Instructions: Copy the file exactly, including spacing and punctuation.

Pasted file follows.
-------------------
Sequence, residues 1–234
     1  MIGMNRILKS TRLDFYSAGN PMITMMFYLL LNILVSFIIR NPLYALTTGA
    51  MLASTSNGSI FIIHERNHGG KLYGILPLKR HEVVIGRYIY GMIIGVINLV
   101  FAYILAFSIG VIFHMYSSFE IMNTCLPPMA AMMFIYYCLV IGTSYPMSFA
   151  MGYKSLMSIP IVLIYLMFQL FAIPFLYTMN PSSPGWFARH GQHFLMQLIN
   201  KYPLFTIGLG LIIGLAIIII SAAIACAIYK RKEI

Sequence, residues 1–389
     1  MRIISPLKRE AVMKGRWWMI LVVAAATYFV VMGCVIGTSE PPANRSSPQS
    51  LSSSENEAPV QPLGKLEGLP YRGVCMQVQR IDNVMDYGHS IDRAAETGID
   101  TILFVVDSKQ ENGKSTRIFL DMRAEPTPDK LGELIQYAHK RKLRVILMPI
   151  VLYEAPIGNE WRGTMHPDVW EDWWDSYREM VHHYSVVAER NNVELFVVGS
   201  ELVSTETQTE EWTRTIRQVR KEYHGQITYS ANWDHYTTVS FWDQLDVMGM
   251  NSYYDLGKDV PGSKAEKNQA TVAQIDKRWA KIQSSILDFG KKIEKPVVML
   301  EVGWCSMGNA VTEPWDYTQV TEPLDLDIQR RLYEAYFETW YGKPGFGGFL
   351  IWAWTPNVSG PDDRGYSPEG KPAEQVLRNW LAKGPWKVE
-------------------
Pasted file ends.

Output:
Sequence, residues 1–234
     1  MIGMNRILKS TRLDFYSAGN PMITMMFYLL LNILVSFIIR NPLYALTTGA
    51  MLASTSNGSI FIIHERNHGG KLYGILPLKR HEVVIGRYIY GMIIGVINLV
   101  FAYILAFSIG VIFHMYSSFE IMNTCLPPMA AMMFIYYCLV IGTSYPMSFA
   151  MGYKSLMSIP IVLIYLMFQL FAIPFLYTMN PSSPGWFARH GQHFLMQLIN
   201  KYPLFTIGLG LIIGLAIIII SAAIACAIYK RKEI

Sequence, residues 1–389
     1  MRIISPLKRE AVMKGRWWMI LVVAAATYFV VMGCVIGTSE PPANRSSPQS
    51  LSSSENEAPV QPLGKLEGLP YRGVCMQVQR IDNVMDYGHS IDRAAETGID
   101  TILFVVDSKQ ENGKSTRIFL DMRAEPTPDK LGELIQYAHK RKLRVILMPI
   151  VLYEAPIGNE WRGTMHPDVW EDWWDSYREM VHHYSVVAER NNVELFVVGS
   201  ELVSTETQTE EWTRTIRQVR KEYHGQITYS ANWDHYTTVS FWDQLDVMGM
   251  NSYYDLGKDV PGSKAEKNQA TVAQIDKRWA KIQSSILDFG KKIEKPVVML
   301  EVGWCSMGNA VTEPWDYTQV TEPLDLDIQR RLYEAYFETW YGKPGFGGFL
   351  IWAWTPNVSG PDDRGYSPEG KPAEQVLRNW LAKGPWKVE